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Council apologises after man wrongly banned from visiting care home

A council has been told to apologise and pay compensation after it wrongly banned a man from visiting his partner’s elderly mother while she was in a care home.

An investigation by the Local Government and Social Care Ombudsman found that Nottinghamshire County Council had failed to go through the correct procedures before it made the decision to hand out the ban.

It also revealed that the local authority did not carry out proper a risk assessment or asked the mother for her opinions before deciding to ban the man. After that, Nottinghamshire CC took years to review the restriction and then failed to tell the care home that it had lifted the ban.

The Ombudsman said the council has agreed to commission an independent advocate to obtain the woman’s view and pay the man £300 in compensation.

The woman had lived with the man and her daughter, but was placed into care in 2013 when the pair were no longer able to cope with her care. Problems arose after the partner admitted that he had been close to physically losing his temper with his mother-in-law, prompting the council to ban him from the care home.

But this decision was not officially reviewed until March 2016. The care home undertook its own risk assessment in May of that year, but the Ombudsman found that this assessment was not robust enough and did not substantiate care home allegations that the man had been verbally abusive to staff and showed no risk to the woman in care.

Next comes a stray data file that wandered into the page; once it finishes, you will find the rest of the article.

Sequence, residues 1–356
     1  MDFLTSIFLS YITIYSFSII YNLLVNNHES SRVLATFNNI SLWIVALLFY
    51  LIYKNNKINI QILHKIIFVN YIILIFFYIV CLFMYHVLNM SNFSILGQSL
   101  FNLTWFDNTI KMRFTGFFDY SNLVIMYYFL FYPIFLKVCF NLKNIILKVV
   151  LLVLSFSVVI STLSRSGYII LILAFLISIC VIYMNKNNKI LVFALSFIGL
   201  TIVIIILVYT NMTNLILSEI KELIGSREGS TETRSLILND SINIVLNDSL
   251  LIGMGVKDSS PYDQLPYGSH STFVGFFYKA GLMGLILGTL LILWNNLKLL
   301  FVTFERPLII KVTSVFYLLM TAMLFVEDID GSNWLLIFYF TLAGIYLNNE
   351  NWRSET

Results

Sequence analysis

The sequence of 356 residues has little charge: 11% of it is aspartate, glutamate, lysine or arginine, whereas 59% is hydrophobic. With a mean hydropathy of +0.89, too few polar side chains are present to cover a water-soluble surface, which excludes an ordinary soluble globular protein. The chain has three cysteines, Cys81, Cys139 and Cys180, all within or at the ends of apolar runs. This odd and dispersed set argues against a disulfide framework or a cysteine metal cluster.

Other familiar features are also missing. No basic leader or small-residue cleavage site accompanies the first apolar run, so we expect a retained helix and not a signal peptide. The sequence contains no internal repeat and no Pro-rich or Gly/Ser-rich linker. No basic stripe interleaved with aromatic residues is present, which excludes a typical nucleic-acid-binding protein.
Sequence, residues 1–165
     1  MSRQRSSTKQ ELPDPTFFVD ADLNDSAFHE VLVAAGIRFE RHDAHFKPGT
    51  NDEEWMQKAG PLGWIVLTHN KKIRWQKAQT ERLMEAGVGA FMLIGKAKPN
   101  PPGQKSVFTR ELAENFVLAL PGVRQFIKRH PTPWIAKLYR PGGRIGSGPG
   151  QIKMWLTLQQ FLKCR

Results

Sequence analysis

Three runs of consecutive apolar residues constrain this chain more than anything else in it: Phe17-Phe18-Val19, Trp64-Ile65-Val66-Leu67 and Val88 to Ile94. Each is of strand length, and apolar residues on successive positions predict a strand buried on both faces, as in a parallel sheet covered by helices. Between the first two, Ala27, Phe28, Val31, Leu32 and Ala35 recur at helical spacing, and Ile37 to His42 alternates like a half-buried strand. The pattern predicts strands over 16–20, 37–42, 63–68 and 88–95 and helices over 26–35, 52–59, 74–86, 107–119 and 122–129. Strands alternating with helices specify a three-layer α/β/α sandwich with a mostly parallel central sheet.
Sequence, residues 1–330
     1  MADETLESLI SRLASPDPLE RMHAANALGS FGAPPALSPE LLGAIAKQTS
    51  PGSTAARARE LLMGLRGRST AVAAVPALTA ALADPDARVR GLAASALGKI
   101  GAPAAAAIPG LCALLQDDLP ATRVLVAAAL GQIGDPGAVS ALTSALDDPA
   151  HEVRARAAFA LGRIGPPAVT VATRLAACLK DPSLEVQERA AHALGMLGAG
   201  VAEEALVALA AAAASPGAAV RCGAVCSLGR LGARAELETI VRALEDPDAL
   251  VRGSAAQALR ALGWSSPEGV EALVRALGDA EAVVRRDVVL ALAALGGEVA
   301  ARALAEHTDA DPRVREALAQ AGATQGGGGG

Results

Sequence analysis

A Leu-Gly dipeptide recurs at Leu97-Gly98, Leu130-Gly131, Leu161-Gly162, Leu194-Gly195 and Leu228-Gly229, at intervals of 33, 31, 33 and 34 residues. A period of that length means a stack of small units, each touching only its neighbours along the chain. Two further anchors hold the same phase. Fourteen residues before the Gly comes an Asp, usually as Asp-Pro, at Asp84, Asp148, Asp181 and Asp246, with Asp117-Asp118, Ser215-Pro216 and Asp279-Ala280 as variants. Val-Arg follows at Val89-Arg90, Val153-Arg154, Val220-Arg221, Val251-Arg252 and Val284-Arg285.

“This case goes to the heart of the principle that a person in care has the right to make choices for themselves,” said Michael King, Local Government and Social Care Ombudsman. “Their views should be taken into account so decisions made about them are done properly. It highlights the need for councils and care homes to go through the proper procedures from the outset.

“Nottinghamshire County Council could have avoided many of the problems experienced here if they had either asked the woman’s wishes or carried out a proper risk assessment at the earliest opportunity.

“Local authorities who commission care are accountable for the actions of the providers delivering the service on their behalf,” he concluded. “They need to ensure those providers adhere to the same standards of record keeping and accuracy they would expect from their own staff.”

Sue Batty, adult social care and health director at Nottinghamshire County Council, said the authority was keen to encourage contact between families and their relatives living in residential care homes where possible, and that it worked with families to achieve this in a way that ensures this benefits the resident, their loved ones and friends.

“In this instance, the county council and the care home could clearly have improved how these visiting restrictions were considered and made, which we recognise and apologise for,” she added.

“We are already implementing the recommendations of the Local Government Ombudsman’s report, which include reviewing how we deal with similar issues in the future, ensuring our practices are in line with CCQ guidance.”

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